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Will France be the next market downgrade?

As most of you have seen in recent days, world stock markets have been manic depressive, going through ups and mostly downs due in large part to widespread worries that the US debt downgrade from S&P and the fiscal debt in countries such as Greece, Italy, and Spain will result in worse market conditions for investors.

My other sovereign’s an AAA (The Economist)

There was a market backlash against French debt and enormous market losses for French banks like Société Générale, BNP Paribas and Crédit Agricole (exposed to Greek debt and other European sovereign debt) that is making investors increasingly anxious about France’s debt. Indeed as The Economist writes:

“France’s debt stood at 82% of GDP last year, from 64% in 2007. This is one of the highest of any AAA-rated country. That, investors fear, means it could be the next target for a downgrade, especially if already anaemic economic growth falters further. The extra yield required by investors to hold French debt instead of German Bunds jumped to almost triple the average level of 2010 while the cost of insuring against a default by France reached new highs during the week.”

Moreover, as The Telegraph writes, “French banks have €410bn (£360bn) of exposure to Italy alone according to the Bank for International Settlements. The twin crises in France and Italy are now intimately linked and appear to be feeding on each other.”

How will France proceed? According to a great, in-depth Bloomberg interview (embedding not allowed) with Philippe D’Arvisenet, global chief economist at BNP Paribas SA, France initiating austerity measures is “inescapable”. They go on to discuss France’s exposure to European sovereign debt, reform plans to cut spending but keep tax rates at current levels (though with elimination of some 500 tax loopholes).

The same Telegraph article states, “French president Nicolas Sarkozy has ordered a “general mobilization” to slash France’s budget deficit in a frantic effort to safeguard the country’s AAA rating and head off a downgrade by Standard & Poor’s.”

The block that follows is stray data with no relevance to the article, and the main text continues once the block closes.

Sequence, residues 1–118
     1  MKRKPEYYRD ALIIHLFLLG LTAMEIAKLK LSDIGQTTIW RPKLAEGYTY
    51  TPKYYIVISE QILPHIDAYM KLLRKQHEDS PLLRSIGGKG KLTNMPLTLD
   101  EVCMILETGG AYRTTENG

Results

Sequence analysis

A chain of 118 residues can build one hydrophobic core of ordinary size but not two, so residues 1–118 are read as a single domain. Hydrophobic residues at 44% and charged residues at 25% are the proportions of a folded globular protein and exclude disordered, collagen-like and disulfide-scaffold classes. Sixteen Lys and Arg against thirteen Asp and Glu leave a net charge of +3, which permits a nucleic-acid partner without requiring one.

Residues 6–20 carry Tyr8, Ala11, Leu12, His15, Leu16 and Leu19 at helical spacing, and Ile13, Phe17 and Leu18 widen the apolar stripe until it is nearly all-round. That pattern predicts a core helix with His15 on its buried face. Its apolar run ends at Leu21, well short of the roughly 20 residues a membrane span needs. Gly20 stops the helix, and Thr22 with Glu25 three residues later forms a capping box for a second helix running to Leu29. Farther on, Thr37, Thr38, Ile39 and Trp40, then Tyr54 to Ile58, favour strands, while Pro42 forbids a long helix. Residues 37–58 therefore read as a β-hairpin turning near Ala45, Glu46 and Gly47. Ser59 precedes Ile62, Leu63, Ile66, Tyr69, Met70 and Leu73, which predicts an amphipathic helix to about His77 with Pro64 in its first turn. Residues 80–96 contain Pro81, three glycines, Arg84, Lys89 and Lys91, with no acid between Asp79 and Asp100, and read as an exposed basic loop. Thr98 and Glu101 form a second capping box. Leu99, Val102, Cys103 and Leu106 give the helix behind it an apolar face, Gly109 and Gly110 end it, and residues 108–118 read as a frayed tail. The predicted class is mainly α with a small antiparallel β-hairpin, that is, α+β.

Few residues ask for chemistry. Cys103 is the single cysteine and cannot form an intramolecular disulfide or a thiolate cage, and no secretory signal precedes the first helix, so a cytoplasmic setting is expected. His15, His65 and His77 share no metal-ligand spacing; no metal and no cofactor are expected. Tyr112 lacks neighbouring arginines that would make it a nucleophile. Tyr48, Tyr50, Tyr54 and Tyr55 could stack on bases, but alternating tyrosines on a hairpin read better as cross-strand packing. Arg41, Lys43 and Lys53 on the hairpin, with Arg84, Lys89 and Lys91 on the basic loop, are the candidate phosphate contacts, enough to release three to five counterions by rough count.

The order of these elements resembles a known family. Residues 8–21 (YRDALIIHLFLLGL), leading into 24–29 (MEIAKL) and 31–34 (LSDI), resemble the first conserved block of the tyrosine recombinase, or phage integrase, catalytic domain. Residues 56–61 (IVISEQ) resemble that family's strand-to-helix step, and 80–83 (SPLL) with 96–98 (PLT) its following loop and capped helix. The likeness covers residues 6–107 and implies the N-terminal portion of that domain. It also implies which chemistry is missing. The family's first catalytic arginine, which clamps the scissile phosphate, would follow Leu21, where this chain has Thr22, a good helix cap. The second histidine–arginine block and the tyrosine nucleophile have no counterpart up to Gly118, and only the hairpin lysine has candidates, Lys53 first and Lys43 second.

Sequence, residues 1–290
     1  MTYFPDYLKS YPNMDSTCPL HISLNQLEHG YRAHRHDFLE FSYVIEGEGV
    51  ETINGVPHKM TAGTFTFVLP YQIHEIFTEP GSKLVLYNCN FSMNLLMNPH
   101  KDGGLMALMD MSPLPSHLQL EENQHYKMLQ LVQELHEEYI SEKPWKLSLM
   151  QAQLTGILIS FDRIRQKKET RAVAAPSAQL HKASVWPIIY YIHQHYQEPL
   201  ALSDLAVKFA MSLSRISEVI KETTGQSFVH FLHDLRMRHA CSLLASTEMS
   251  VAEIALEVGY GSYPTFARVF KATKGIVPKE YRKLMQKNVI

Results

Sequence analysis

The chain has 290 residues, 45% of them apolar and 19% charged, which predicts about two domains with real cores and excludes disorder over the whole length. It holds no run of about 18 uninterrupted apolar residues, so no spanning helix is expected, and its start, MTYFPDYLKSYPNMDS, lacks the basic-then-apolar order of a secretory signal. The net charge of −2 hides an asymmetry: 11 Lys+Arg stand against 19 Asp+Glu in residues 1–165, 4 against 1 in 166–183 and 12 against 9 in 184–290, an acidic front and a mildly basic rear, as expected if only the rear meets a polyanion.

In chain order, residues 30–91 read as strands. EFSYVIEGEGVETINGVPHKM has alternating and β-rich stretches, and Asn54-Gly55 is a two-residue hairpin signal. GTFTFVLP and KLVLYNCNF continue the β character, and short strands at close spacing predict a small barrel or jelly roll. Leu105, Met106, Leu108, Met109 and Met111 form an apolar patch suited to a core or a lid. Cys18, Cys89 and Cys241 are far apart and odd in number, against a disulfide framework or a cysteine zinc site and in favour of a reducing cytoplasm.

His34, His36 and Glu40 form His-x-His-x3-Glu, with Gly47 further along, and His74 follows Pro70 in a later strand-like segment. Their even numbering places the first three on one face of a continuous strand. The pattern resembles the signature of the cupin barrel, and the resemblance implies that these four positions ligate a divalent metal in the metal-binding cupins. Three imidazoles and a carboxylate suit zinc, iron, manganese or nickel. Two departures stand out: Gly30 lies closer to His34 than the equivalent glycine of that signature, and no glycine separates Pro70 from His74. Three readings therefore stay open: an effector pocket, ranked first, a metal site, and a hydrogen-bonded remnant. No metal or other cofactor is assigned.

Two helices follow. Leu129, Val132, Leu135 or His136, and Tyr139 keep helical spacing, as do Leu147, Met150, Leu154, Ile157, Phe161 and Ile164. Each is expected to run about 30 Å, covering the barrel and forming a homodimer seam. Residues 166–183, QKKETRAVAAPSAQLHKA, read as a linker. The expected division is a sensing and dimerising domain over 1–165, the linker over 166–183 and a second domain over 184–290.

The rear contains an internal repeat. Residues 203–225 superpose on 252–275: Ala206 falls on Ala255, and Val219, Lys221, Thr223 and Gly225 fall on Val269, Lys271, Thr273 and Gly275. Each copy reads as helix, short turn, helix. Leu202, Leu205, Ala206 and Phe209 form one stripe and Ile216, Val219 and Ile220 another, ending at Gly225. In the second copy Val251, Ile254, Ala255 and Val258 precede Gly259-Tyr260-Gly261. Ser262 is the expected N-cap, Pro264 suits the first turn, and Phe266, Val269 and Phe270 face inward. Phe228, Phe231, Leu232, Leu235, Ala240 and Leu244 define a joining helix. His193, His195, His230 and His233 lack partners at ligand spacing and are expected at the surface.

We will see how this plays out…for now, the markets will likely continue to be manic depressive. Hang on tight!

I leave you with this passage from the Telegraph article:

“…Marchel Alexandrivich from Jefferies Fixed Income said investors are worried that the latest contagion to France could bring the eurozone’s bubbling problems to a head in a dramatic fashion.

“If France is dragged into the problem, then we will hit crisis point. They will either have to move to a full-blown eurobond — and German politicians are set against that — or face a break-up. There is a significant chance that the euro will no longer exist in its current form within twelve months,” he said.
President Sarkozy said France would include a “golden rule” in its constitution to restore fiscal probity, adding that the fiscal targets for 2011 and 2012 were “untouchable”.

The new budget measures will be introduced on August 24 and are expected to include the closure of 500 tax loopholes.

The IMF said France has the highest debt ratio of any AAA state this year at 85pc of GDP and may have to tighten further next year. Like the US, France has also built up huge pension debt and contingent liabilities.”

New book from former French resistance fighter all the rage

The New York Times has an article about former French resistance fighter Stéphane Hessel’s new pamphlet book called “Indignez-vous!” (“Time for Outrage!”). It is quite the popular phenomenon and an excerpt of the article is below, as well as a link to The Nation‘s publication of it.

A Resistance Hero Fires Up the French
By ELAINE SCIOLINO
Published: March 9, 2011

PARIS — As a hero of the French Resistance, Stéphane Hessel was in exile with Charles de Gaulle in London, imprisoned in concentration camps, waterboarded in Nazi torture sessions and saved from hanging by swapping identities with an inmate who had died of typhus.

Now, at 93, he is the author of a best seller that has become a publishing phenomenon in France. It is not the story of his life (he wrote his autobiography years ago), but a thin, impressionistic pamphlet called “Indignez-Vous!,” held together by two staples and released by a two-person publishing house run out of the attic of their home. It urges young people to revive the ideal of resistance to the Nazis by peacefully resisting the “international dictatorship of the financial markets” and defending the “values of modern democracy.”

In particular Mr. Hessel protests France’s treatment of illegal immigrants, the influence on the media by the rich, cuts to the social welfare system, French educational reforms and, most strongly, Israel’s treatment of the Palestinians.

“When something outrages you, as Nazism did me, that is when you become a militant, strong and engaged,” he writes. “You join the movement of history, and the great current of history continues to flow only thanks to each and every one of us.”

Since its publication in October “Indignez-Vous!” has sold almost 1.5 million copies in France and has been translated into Spanish, Italian, Portuguese and Greek. Editions are planned in Slovenian, Korean, Japanese, Swedish and other languages. In the United States, The Nation magazine published the entire English text last month…

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